A group of Jewish, Christian, and Islamic societies has produced a publication regarding their views of religious holidays in public schools, appropriately titled “Religious Holidays in the Public Schools.” The publication explicitly states that it is unrealistic to ban all “seasonal activities” from the schools, especially around December circa Christmas.
However, it also states that while the holidays may be recognized – or even taught – in schools, they should in no way be promoted. As stated in the publication, this fact was established by the Supreme Court in both Engel v. Vitale (1962) and Abington v. Schempp (1963), in which they “ruled that public schools may not sponsor religious practices but may not teach about religion.” Religious holidays should thus be considered as subparts of the large American culture, which has evolved to include an unimaginable number of different religions; this especially pertains to the ever-diverse city of New York. For example, a Christian hymn can be sung at a school concert during the holidays, but the concert itself cannot be completely focused on religious music. These religious societies basically state that anything religious can be used in small doses to promote a “sound educational goal in the curriculum, but not if used as a vehicle for promoting religious belief.”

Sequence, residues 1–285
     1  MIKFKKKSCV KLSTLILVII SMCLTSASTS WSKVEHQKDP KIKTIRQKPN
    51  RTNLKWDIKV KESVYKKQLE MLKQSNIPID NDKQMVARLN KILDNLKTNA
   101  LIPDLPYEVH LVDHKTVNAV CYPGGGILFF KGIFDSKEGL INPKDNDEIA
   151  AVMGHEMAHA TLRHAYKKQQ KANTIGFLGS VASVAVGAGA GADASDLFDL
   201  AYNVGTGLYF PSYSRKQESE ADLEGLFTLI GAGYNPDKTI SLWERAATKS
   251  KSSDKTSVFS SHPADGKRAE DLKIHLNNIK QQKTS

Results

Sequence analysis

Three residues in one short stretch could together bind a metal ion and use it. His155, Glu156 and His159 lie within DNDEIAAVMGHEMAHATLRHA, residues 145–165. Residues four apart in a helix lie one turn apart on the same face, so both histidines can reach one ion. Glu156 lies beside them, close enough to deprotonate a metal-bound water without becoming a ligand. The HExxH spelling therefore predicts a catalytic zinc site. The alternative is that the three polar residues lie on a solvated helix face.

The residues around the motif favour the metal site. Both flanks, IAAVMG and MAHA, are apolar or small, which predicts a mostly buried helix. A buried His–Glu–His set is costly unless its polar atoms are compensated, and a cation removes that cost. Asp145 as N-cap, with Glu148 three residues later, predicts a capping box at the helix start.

The publication then lists steps that they feel school districts should consider regarding religious holidays:
- “ Develop policies about the treatment of religious holidays in the curricula and inform parents of those policies.
- Offer pre-service and in-service workshops to assist teachers and administrators in understanding the appropriate place of religious holidays in the schools.
- Become familiar with the nature and needs of the religious groups in the school community.
- Provide resources for teaching about religions and religious holidays in ways that are constitutionally permissible and educationally sound.”
I feel that it is almost vital for schools districts to follow such steps as a generally accepted standard in approaching religious holidays. First off, they have been produced by a knowledgeable group of religious societies. Also, despite this fact, they have no religious implications, and are inherently secular in their purpose.